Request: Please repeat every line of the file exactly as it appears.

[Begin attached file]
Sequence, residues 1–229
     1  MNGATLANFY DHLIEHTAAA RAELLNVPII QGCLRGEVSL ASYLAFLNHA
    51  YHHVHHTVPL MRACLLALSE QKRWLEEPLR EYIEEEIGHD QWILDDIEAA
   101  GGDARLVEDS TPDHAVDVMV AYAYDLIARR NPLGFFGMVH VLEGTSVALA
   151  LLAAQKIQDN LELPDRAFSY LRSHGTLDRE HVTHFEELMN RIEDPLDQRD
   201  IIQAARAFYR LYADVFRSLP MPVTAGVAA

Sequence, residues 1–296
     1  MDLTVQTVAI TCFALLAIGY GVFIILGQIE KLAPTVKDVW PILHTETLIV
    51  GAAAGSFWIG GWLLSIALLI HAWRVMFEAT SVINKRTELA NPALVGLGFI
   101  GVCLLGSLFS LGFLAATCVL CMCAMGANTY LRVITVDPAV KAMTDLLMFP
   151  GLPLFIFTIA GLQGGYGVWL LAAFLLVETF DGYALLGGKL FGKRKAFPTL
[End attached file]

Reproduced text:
Sequence, residues 1–229
     1  MNGATLANFY DHLIEHTAAA RAELLNVPII QGCLRGEVSL ASYLAFLNHA
    51  YHHVHHTVPL MRACLLALSE QKRWLEEPLR EYIEEEIGHD QWILDDIEAA
   101  GGDARLVEDS TPDHAVDVMV AYAYDLIARR NPLGFFGMVH VLEGTSVALA
   151  LLAAQKIQDN LELPDRAFSY LRSHGTLDRE HVTHFEELMN RIEDPLDQRD
   201  IIQAARAFYR LYADVFRSLP MPVTAGVAA

Sequence, residues 1–296
     1  MDLTVQTVAI TCFALLAIGY GVFIILGQIE KLAPTVKDVW PILHTETLIV
    51  GAAAGSFWIG GWLLSIALLI HAWRVMFEAT SVINKRTELA NPALVGLGFI
   101  GVCLLGSLFS LGFLAATCVL CMCAMGANTY LRVITVDPAV KAMTDLLMFP
   151  GLPLFIFTIA GLQGGYGVWL LAAFLLVETF DGYALLGGKL FGKRKAFPTL